Military Game – RMC Rugby
LCol (ret) RJ Jarymowycz
Rugby has generated a compendium of pseudonyms – from “organized violence” to “a barbarian game played by gentlemen.” It is particularly at home in the military. While a Rugger Fifteen is apropos at the Combat Arms School in Gagetown, it is certainly a vibrant part of a military seminary. Nestled on the shores of a great lake, the Royal Military College has been described by one its more famous graduates as “a parochial college on the banks of the Cataraqui” (Prof Emeritus Desmond Morton, of McGill). In fact, RMC fields a valiant collective of brave hearts ready to do battle with the thugs and bullies of the gigantic universities scattered across Ontario and Quebec. But Brobdingnagian sides and Thermopolyian odds are bagatelle for any intrepid Fifteen. More important, this is a game that is perfect for any war college. As in the profession of arms, Rugby requires physical courage. It features decision making at speed, analysis and demands precision under pressure,
The Navy takes pleasure in it because its officers often think of themselves as flashy Russell Crowesque doppelgangers, about to repeat Master and Commander. Save for the last 15 meters, Rugby often resembles the fleet battle, or manoeuvre by armour in the desert: terrain means little for it comes and goes – with the exception of the enemy port (the goal line). As in naval tactics, occupying area is moot. It is all manoeuvre against the enemy fleet: foxing it through clever sweeps then closing to come aboard and drive the foe from its quarter deck (the enemy scrum, over the ball). Rugby’s classic simplicity appeals to the essence of naval tactical psyche: the world is flat, everything is a target, and a good wind helps your game. Innate piratical deportment further beguiles the primordial soul of the Rugby player.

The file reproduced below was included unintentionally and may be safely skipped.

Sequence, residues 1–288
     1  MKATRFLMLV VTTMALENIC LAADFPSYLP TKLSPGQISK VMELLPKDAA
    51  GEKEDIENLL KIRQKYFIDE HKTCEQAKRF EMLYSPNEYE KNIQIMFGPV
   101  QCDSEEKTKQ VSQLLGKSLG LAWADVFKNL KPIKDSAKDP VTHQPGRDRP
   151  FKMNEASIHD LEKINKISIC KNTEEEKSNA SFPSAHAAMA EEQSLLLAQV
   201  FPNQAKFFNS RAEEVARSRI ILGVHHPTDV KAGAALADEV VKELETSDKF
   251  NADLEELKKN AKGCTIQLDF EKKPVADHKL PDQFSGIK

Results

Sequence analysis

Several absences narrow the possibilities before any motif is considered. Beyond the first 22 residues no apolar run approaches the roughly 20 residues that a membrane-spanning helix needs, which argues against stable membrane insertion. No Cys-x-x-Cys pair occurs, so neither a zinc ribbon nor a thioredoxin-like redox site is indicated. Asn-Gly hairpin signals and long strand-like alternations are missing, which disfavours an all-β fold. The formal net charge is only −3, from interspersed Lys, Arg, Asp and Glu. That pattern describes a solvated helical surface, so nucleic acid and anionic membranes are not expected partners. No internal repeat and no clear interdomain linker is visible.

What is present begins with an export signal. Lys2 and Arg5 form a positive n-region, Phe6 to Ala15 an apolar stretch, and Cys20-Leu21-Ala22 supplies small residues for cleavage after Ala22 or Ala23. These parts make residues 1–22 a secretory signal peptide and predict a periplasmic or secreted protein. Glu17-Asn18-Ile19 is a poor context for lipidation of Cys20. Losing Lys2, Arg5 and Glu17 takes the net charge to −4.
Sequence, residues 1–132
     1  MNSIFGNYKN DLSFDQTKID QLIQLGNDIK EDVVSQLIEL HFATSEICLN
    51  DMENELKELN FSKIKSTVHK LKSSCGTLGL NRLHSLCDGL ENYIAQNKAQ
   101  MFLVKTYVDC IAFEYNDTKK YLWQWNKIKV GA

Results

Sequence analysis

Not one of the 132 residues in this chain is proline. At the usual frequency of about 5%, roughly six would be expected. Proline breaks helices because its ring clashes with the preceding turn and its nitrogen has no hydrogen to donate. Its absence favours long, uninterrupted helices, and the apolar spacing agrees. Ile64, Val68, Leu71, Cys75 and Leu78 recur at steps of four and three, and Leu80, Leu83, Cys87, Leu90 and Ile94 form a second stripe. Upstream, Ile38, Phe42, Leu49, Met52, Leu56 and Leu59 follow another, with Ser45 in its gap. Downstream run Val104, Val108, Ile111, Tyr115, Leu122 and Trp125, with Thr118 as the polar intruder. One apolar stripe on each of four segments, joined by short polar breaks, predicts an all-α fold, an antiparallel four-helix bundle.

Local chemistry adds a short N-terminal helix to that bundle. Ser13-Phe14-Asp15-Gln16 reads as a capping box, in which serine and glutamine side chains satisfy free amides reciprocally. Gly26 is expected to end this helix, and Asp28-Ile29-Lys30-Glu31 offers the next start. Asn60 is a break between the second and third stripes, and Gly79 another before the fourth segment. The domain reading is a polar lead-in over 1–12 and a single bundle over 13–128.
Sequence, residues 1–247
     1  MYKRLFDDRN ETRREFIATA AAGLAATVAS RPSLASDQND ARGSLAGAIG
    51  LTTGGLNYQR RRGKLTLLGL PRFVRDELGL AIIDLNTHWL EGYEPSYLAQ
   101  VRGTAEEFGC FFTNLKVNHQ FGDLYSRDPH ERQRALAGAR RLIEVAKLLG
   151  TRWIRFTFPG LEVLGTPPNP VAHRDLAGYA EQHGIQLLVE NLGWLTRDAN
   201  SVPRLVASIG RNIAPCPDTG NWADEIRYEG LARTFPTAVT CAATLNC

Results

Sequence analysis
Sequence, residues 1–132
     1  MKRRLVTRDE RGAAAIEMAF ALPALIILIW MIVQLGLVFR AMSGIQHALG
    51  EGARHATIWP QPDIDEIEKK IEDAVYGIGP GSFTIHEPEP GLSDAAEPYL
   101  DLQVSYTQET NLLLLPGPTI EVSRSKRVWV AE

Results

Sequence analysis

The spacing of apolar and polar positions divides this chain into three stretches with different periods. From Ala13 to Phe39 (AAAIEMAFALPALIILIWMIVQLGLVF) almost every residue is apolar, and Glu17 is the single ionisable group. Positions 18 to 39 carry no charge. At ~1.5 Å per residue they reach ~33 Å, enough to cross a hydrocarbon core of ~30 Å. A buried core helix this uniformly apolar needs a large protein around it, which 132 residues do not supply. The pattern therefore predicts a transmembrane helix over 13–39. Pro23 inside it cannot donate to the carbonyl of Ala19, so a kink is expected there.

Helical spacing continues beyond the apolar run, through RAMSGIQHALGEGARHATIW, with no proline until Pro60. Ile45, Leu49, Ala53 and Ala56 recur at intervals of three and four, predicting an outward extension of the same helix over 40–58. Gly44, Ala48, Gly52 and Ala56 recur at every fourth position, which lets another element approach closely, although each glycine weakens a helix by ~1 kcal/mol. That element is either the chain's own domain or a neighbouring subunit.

The Air Force enjoys Rugby because it allows sorties, individual tests as well as manoeuvre by fulsome Wings. Airfolk are besotted by sweeps along the flanks or acrobatic dogfights through areas full of bandits. Duelling against oppos allows for the individual creativity that silk-scarved pilots crave. And of course, scoring the elusive Try offers the glory of demonstrable victory. Players will passionately discuss, over appropriate beverages, the benefits of an attack that is scrum-centered vs. a cavalier war of airborne assault via vertical envelopment and the indirect approach: field goals, kicking “up and unders” (the Gary Owen), grubbing, and deft passes to wingmen…err, wing persons.
The Army likes to claim Rugby as particularly its own. There are certain similarities to the infantry battle: the trenches of the Scrum, the grinding close quarter combat designed to wear down the foe physically but mostly psychologically. It is a symbiotic combination that features the intimate support of the Backs for the grunting Forwards. The bruised, weary Scrum forms the bulwark, the keystone of any rugby team and is the soul of success. The Backs are market capitalists, a free-spirited romping pride that seeks quick Trys via élan and dash. The Scrum, or Pack, marches up to hold terrain won, though usually it conquors ground in short, violent assaults and battering-ram shocks that crack the foundations of the enemy scrum. In the end, the Back/Forward coalition produces victory through sacrifice, grit and a marriage de raison. Total dominance and achieved through a complex assortment of tactics. When the British Army finally created an Armoured Division in 1940 (in emulation of the successful panzer formations of the other side) the first training pamphlets produced by MOD explained the unit’s operations as “a rugby side… the forwards pinning and attacking like the infantry, the backs as the armour sweeping through and creating chaos in the rear areas…both groups supporting one another.”
Glory in Rugby is unrestricted and egalitarian; scoring is uncomplicated: simply pluck the ball from any snarling pack of forwards and cross the goal line. And it is that classic simplicity that inspires an oeuvre of rococo tactics and vogue. The distinct style of the rugby uniform is internationally distinguished and slavishly copied by civilians in leisure mode. A club uniform, like any military accoutrement, is jealously guarded – the right to wear it must be earned on the pitch. Alas, modern teams have been misled by those with muffled taste for tradition. The bold stripes or harlequin jerseys are less seen in favour of genteel collections from Coco Chanel. Some Rugby teams look more like badminton clubs. But in the end, red stains and dirt hide the worst fashion statements. Much like the venerable Royal Tank Regiment motto, the Rugby team strives for triumph via the auld mode: “From Mud, through Blood to the Green Fields Beyond.”
[Inspired after watching the RMC Paladins defeat Concordia University in March, 2011…]